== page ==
NTSB Faults Tesla And Publicly Calls Out NHTSA To Share Blame In Fatal 2019 Crash

The NTSB has once again cited both Tesla and regulations surrounding partially automated driving systems as the cause of a fatal 2019 crash in Florida that involved a Tesla on Autopilot. The agency also said that two drivers were to blame.

Yet again, Tesla, Autopilot and our nation’s regulation of the partially automated driving system has come up, and yet again we will bet that both the NHTSA and congress does absolutely nothing about it – which has been par for the course for them over the last several years. 

In their report issued on Thursday, the NTSB said that design of Tesla’s Autopilot system allowed the driver to not be paying attention, according to WFTV. They also said that Tesla failed to limit where the automated system could be used, allowing drivers to activate it where they shouldn’t.

Then, in a highly unusual move, the NTSB accused the National Highway Traffic Safety Administration of contributing to the crash.

They said the agency’s inaction and failure to put safeguards in place to limit use of such systems was to blame. 

Back in February, we reported that the NTSB had found Autopilot to be engaged during the crash. The driver had set the car to go 69 miles per hour 12.3 seconds before the crash took place on a highway that had a speed limit of 55 mph, according to Bloomberg. The NTSB also revealed that the driver’s hands were not on the wheel for the final 7.7 seconds before the crash. 

The NTSB had also arrived at similar findings regarding a 2016 Florida crash where another Tesla driver didn’t react to a truck in the roadway. In that instance, the NTSB found that Tesla’s Autopilot design contributed to the cause of the accident. 

A previous NTSB preliminary report that we covered in Spring of 2019 had described the events leading up to the incident:

As the Tesla approached the private driveway, the combination vehicle pulled from the driveway and traveled east across the southbound lanes of US 441. The truck driver was trying to cross the highway’s southbound lanes and turn left into the northbound lanes.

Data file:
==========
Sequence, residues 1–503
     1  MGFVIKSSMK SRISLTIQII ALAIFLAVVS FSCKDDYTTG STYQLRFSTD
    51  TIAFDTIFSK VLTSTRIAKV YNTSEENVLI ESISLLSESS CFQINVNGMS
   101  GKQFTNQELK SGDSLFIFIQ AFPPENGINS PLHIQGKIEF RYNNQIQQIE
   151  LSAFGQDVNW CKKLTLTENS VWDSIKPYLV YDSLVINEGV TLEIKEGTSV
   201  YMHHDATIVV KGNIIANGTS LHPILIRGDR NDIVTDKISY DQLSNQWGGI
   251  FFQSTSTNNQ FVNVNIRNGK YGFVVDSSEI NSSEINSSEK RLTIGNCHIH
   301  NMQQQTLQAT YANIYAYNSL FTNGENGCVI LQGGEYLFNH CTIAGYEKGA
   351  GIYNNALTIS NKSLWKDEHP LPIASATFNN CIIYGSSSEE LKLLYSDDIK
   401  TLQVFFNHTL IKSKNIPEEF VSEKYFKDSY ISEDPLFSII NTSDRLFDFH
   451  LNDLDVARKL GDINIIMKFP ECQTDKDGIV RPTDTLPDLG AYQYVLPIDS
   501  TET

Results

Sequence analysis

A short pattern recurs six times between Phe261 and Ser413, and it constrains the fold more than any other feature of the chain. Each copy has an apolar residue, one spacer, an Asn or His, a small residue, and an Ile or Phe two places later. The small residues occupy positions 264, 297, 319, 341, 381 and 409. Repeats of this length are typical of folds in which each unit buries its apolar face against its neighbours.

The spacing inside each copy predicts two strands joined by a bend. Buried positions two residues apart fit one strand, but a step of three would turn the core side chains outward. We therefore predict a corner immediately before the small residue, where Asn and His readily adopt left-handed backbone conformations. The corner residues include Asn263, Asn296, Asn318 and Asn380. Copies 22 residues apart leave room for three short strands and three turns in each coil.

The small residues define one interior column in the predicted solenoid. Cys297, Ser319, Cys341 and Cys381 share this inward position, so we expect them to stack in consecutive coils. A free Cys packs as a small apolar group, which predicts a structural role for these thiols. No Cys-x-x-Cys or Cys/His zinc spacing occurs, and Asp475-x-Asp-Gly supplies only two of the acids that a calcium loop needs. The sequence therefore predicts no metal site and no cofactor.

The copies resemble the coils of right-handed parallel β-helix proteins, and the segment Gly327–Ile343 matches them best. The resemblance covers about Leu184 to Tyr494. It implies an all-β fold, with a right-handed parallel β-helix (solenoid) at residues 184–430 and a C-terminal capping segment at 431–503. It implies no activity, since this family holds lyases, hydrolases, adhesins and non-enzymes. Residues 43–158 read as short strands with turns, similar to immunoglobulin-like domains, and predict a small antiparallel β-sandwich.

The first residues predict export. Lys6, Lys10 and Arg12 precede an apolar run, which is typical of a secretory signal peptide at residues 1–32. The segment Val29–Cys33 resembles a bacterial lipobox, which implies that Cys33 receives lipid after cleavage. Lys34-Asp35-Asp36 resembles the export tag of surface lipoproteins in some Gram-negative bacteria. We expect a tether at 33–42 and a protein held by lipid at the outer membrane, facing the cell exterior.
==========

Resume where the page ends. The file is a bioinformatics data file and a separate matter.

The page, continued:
According to surveillance video in the area and forward-facing video from the Tesla, the combination vehicle slowed as it crossed the southbound lanes, blocking the Tesla’s path. The Tesla struck the left side of the semitrailer. The roof of the Tesla was sheared off as the vehicle underrode the semitrailer and continued south. The Tesla came to a rest on the median, about 1,600 feet from where it struck the semitrailer. The 50-year-old male Tesla driver died as a result of the crash.

The preliminary report had estimated Autopilot was engaged about 10 seconds before the collision. It also said that the vehicle “didn’t execute evasive maneuvers”: 

The driver engaged the Autopilot about 10 seconds before the collision. From less than 8 seconds before the crash to the time of impact, the vehicle did not detect the driver’s hands on the steering wheel. Preliminary vehicle data show that the Tesla was traveling about 68 mph when it struck the semitrailer. Neither the preliminary data nor the videos indicate that the driver or the ADAS executed evasive maneuvers.

In March of last year, we also reported that the NHTSA was investigating the company.

A spokesperson for the NHTSA said that the agency was in the midst of an “ongoing investigation” involving two crashes in Florida and that the agency would “take additional actions if appropriate”.

We won’t hold our breath waiting for those…


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